GC: My first stint towards women’s empowerment started even before my career with special education. As a newlywed in Munnar, Kerala, I believed women workers or the women of the district could be empowered with soft skills to help improve their livelihood. Self-help group or a ladies’ group was the catalyst that could bring about these changes.
As my husband was working with Tata Tea in Munnar, there was an opportunity within the agriculture sector. The company, being the major stakeholder in Munnar, I floated the idea of a special school with the managers’ wives on the estates. This, at once, empowered women like us and gave us an opportunity to make a difference. Starting a special school in Munnar came with its own challenges, but allowed us to further empower a whole host of women. Starting with the staff and support staff, the women of the district got new opportunities to work and augment their families’ income. This also changed the outlook of the local people, as earlier the only women working were in the tea fields, so this added a dash of inspiration for the rest of the ladies in the district.
The core of our mission, however, was to educate and empower the differently abled, given that there were limited resources for them in the district. The school was co-educational so gave equal opportunities to girls and boys. The crowning glory would be the vocational training and practical skills imparted, beyond basic education. This empowered differently abled girls of the district to stand on their own two feet, thereby becoming a boon to their families that otherwise would neglected them.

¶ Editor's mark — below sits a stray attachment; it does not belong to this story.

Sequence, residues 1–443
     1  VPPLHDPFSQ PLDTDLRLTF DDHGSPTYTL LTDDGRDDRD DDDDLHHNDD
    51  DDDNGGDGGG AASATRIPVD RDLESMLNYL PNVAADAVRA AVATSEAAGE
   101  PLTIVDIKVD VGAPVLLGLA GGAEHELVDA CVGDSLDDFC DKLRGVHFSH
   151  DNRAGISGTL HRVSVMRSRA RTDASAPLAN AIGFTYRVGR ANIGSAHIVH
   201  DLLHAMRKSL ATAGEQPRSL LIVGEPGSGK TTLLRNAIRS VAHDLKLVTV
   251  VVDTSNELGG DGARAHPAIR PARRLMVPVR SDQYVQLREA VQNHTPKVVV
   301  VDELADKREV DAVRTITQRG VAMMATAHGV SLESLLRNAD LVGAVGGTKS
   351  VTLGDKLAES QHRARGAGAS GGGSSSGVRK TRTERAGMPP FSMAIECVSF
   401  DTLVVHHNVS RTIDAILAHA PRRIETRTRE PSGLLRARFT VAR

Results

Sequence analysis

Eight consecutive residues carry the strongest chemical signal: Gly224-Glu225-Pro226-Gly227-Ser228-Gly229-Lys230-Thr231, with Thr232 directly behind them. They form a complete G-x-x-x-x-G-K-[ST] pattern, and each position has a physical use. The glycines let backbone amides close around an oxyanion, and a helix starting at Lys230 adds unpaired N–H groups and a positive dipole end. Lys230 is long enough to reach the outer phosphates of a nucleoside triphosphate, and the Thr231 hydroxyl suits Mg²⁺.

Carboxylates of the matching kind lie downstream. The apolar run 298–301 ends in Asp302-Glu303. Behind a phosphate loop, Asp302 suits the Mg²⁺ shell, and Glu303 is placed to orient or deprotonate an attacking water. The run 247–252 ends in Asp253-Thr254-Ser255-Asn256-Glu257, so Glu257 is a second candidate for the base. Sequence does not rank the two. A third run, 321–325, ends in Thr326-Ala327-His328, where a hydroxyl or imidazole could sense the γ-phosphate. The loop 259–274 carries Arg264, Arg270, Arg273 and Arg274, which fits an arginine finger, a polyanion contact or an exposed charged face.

YS: How have lives of women changed through your empowerment programme?
GC: There are several examples of women who have transformed their lives through our empowerment programmes. There are two that stand out for me, especially.
Rekha was born with cerebral palsy and after two unsuccessful operations on her lower limbs, which were defective, she was left feeling frustrated and had little hope for her future. This was around the time that Swastha started and she applied for a seat for the skill development programme. She took courses at our vocational training centre and equipped herself with skills in screen printing and the making of different kinds of stationery. Once she completed her course, given her skill levels and interest, we were able to offer her the role of an instructor.
Suma was a quiet and shy 17-year-old when she first came to Swastha. Given the lack of opportunities for a hearing- and speech-impaired student, she sought a training course to give her practical education. The tailoring course gave her the skills and added to her confidence. She went on to teach some of our other hearing- and speech-impaired students who went on to complete Class X, an incredible feat in these parts.
Subsequently, she got married and moved to Mysuru, where she continued her tailoring. Currently, she is working as a tailor in Bengaluru with a premier garment manufacturer.
YS: What are your future plans?
GC: I have been working on this idea of taking special education and rehabilitation services to every individual and every community. By empowering communities to deal with the differently abled, we can create a society of tomorrow where we are respected for our differences and not judged on the same. My aim is to spend my life trying to bring this conversation to the public and to make society more inclusive for the differently abled. I hope I can make a small difference to the community of those with special needs and therefore the world at large. To this extent, I have been working on a ‘community-based rehabilitation programme’ in Kodagu district. My hope is to break the barriers of institutional solutions to the problem and rather have a community-based approach that can solve the problem at a grassroot level and that which can be replicated the world over.